• Average time in the emergency department was 11% higher for Spanish-speaking patients than for English-speaking patients.

"We looked at well over a dozen measures, and these six are the ones where we found disparities in care," Joshi said. 

Similar disparities can be found throughout the country, Joshi said.

The hospital has established teams that are working to address the six items, he said, and it will continue to monitor them to measure progress.

'Things we should keep doing'

Thomas, director of the Center for Health Equity at UMD's School of Public Health, said he was not surprised by the findings.

"First, I'd like to commend the health system for being data-driven and being willing to share that information," he said.

Like Joshi, Thomas said many of the disparities start outside the hospital.

"It has its roots in the community, in the social determinants of health," he said.

According to the World Health Organization, those social determinants are non-medical factors that can include income, social protections, education, unemployment, housing, food insecurity and early childhood development. among others.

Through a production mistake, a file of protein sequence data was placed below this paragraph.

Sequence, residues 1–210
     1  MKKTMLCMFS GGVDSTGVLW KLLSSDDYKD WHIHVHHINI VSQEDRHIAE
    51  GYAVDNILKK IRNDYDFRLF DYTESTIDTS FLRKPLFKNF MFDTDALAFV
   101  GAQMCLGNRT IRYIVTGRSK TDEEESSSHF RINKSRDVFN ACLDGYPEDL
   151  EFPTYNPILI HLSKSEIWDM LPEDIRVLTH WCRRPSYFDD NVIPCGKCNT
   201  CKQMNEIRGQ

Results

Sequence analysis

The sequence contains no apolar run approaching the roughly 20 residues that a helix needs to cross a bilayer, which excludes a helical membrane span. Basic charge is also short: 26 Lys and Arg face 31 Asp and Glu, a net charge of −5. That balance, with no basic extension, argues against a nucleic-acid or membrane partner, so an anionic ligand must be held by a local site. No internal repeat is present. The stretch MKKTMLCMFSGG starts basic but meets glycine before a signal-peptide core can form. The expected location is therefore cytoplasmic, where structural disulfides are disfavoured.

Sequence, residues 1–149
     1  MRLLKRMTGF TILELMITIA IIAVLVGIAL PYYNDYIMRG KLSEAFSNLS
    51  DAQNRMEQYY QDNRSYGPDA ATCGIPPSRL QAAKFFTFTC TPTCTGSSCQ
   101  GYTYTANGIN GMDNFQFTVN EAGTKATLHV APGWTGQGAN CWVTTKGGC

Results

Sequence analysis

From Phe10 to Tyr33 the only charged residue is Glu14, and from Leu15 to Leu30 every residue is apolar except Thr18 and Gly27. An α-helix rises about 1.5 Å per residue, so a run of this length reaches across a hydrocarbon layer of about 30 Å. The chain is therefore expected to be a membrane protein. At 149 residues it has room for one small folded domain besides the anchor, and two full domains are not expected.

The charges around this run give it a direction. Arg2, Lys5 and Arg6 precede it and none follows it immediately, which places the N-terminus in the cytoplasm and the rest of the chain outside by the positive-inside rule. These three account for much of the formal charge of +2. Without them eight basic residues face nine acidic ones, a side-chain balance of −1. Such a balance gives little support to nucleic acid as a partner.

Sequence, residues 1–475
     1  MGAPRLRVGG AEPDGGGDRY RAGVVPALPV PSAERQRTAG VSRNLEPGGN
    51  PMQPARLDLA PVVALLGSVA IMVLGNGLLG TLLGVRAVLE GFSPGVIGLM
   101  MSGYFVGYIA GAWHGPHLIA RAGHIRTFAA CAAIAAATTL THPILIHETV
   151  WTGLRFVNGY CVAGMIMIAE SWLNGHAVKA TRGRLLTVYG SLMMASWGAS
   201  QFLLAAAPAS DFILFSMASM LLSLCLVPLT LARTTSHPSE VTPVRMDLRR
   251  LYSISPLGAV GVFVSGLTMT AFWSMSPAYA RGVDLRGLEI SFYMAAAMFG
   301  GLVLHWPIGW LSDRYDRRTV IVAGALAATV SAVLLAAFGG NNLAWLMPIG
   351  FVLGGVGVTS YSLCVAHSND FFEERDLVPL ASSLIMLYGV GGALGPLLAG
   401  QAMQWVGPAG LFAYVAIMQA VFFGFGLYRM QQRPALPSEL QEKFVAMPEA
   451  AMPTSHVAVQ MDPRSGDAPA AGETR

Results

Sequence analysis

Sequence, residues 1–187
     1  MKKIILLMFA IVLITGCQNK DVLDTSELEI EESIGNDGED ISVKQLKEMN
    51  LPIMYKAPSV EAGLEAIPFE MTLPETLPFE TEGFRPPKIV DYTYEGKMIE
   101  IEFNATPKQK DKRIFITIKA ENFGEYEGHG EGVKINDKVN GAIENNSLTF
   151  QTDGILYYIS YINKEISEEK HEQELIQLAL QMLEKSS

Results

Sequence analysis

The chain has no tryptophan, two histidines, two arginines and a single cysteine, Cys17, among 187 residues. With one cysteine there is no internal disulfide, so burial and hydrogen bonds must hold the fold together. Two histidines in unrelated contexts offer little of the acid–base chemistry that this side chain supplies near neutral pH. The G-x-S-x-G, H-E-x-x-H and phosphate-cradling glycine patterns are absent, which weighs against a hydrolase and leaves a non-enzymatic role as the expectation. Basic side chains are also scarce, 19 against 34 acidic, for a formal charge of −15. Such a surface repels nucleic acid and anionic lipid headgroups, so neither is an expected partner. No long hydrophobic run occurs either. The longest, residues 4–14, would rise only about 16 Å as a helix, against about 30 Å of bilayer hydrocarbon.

"Research shows that the social determinants can be more important than health care or lifestyle choices in influencing health," the WHO website states. "For example, numerous studies suggest that (social determinants of health) account for between 30-55% of health outcomes."

In Maryland, Thomas said, hospitals have a financial incentive to improve the community's overall health. Reducing the number of readmissions, for example, works to a hospital's benefit.

"The goal should be to keep people out of the hospital. ... That's where the sweet spot is for hospitals in the state of Maryland," Thomas said.

To that end, he urged health systems to heed lessons learned during the COVID-19 pandemic. Approaches such as mobile clinics and telemedicine can promote health overall.

"These are all things we should keep doing," he said.

'It's a very complicated world to a lot of people'